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Saturday, March 05, 2016

Why We Eat Fish and Muskrat on Lenten Fridays

On seeing a recent NPR piece concerning Lenten fast rules, an economist of my acquaintance remarked:
I was just chastised for poking fun at the apparently important theological ramifications behind a debate that is also apparently central to the core of Christianity. I was reminded that the importance of Lent is to revisit medieval arguments about the edible appropriatness of land versus aquatic mammals. 
Wanna know why fewer people are going to church?

What gave rise to his mirth? Why, the discovery that the Church classifies animals in a different way than modernity does:
Many Catholics abstain from eating meat on Fridays in observance of Lent, the season of penance between Ash Wednesday and Easter. The church has made exceptions — at times, in some places — for aquatic mammals such as beavers, muskrats and capybara....  According to Dolly Jørgensen, an environmental historian in Sweden, the medieval theological debate about forbidden foods during Lent didn't distinguish between mammals and fish, but rather, creatures of the land and sea. So, while meat from chicken, cows and sheep was considered off limits, "other animals that spent their time in the water qualified as aquatic and could be eaten at Lent," she wrote.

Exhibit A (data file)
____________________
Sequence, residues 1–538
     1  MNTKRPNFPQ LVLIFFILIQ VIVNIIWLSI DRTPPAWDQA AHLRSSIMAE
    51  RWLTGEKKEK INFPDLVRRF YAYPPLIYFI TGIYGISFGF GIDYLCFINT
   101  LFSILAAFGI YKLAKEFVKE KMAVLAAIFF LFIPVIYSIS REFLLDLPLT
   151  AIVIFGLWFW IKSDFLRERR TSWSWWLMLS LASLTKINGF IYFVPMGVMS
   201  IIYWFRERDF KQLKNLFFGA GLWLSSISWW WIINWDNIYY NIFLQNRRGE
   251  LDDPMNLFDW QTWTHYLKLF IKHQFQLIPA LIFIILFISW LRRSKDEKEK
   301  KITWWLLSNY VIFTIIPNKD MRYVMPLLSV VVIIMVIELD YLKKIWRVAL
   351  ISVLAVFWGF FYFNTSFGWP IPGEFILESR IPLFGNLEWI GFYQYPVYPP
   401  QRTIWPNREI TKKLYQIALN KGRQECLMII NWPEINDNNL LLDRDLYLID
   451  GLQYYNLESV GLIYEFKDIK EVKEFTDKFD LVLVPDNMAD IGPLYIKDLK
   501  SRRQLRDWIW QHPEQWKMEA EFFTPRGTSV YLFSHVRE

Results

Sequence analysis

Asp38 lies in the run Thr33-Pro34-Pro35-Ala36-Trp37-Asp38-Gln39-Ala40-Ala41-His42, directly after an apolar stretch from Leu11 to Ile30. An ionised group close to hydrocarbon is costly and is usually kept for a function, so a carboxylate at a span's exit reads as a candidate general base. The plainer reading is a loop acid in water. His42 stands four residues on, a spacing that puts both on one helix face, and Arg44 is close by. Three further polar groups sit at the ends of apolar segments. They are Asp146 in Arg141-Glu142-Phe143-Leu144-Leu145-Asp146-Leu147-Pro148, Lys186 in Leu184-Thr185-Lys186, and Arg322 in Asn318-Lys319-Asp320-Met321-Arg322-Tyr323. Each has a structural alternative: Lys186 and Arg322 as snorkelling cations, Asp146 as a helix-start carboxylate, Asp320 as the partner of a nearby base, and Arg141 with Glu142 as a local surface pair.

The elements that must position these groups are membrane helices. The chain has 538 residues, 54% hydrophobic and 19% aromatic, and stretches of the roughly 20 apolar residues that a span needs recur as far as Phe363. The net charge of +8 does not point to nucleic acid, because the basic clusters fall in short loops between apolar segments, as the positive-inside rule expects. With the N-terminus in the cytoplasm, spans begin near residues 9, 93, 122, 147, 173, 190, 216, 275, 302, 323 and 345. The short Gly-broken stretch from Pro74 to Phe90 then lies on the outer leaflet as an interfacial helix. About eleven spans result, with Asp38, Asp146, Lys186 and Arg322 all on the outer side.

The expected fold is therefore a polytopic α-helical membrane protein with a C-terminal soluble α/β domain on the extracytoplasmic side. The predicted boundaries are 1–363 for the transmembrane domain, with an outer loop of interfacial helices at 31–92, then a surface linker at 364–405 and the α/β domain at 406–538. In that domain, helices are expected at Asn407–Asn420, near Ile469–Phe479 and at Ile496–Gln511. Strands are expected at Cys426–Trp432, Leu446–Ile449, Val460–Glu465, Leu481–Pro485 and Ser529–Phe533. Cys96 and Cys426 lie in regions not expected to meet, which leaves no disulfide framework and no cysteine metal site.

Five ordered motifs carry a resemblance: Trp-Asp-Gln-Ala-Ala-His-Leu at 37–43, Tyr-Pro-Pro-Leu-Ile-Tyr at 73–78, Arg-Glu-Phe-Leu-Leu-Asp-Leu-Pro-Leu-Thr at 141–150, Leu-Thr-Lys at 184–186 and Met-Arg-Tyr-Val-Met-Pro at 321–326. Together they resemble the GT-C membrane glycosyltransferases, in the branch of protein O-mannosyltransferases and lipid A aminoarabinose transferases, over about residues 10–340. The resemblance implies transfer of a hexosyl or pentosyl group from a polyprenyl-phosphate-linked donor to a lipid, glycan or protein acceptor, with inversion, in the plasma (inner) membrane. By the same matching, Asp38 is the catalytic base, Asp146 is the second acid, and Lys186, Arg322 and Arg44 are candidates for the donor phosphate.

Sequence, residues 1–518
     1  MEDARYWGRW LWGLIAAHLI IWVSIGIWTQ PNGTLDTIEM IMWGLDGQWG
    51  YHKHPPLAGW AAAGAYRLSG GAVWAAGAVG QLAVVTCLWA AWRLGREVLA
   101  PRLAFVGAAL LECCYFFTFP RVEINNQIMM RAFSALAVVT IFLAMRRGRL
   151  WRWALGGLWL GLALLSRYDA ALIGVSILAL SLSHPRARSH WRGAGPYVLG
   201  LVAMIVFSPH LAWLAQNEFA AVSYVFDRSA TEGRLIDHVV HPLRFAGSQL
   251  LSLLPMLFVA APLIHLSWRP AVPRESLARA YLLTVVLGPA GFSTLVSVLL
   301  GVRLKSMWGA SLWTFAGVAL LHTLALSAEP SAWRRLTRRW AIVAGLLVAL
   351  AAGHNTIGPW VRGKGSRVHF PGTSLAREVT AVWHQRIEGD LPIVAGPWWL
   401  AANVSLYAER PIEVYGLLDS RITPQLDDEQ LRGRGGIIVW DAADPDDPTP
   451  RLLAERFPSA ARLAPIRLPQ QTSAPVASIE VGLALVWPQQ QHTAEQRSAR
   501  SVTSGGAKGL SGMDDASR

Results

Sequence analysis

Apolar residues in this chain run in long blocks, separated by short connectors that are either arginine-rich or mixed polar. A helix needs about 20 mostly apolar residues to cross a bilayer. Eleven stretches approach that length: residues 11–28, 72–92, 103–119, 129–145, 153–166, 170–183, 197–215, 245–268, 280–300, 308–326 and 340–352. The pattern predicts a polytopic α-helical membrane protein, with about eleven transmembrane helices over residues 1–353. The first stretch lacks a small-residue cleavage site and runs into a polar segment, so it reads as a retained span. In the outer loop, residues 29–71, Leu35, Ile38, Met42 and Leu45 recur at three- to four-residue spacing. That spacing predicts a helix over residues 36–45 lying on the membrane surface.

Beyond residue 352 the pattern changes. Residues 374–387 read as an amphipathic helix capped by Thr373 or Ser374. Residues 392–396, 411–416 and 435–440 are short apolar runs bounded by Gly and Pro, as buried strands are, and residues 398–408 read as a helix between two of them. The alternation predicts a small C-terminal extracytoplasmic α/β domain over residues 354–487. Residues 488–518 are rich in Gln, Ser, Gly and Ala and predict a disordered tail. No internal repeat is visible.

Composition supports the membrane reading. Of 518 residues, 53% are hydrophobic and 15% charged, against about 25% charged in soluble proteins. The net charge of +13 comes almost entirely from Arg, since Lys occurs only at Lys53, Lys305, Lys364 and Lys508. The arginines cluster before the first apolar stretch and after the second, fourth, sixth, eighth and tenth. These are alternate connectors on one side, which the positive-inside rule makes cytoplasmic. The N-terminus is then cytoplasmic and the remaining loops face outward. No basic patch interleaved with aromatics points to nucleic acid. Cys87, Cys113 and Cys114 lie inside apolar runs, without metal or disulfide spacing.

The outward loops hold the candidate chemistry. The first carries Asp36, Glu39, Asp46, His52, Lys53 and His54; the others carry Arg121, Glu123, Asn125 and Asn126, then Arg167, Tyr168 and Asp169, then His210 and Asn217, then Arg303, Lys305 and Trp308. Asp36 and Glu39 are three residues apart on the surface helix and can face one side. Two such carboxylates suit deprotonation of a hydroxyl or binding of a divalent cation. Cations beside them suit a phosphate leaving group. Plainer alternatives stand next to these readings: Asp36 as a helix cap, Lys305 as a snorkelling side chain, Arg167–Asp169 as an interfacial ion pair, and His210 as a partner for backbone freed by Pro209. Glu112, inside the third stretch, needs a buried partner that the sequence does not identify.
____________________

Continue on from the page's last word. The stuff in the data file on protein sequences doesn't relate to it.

Although both economics and theology are frequently considered to be non-sciences, both actually ARE formal sciences. And, just as theologians should be careful when they assess what appears to be ludicrous in economics, so economists should be careful when they assess what might seem to be, at first glance, ludicrous in theology.

In Christian theology, water is tightly linked to baptism (Ephesians 5:26). And, again, according to most Christian theologians (some Protestants being the sole exception), baptism is understood to be the means to salvation (1 Peter 3:21). Succinctly put, water = baptism = salvation.

Now, Christ's death in the flesh on Friday, and His burial on Friday is ALSO linked to baptism (Romans 6:4 we are buried with him in baptism so that we might rise to new life). So, since Christ walked the earth, died in the flesh and was buried in the flesh, Christians have historically not eaten the flesh of land animals precisely to commemorate that Christ died in the flesh during Lent - the period when we suffer with Christ and spiritually die to our sins with Him.

However, since Christ died precisely to accomplish our salvation, and water is our salvation, we may eat the flesh of water animals, because that reminds us WHY Christ died in the flesh - to save our sinful flesh through the washing that is baptism.

If you have ever wondered why Catholics eat only fish on Friday, it is precisely because fish - the creatures that swim in baptismal waters - link together Christ's suffering, death, burial and resurrection.

And if you never knew this until now, well, that's the state of Catholic education today.

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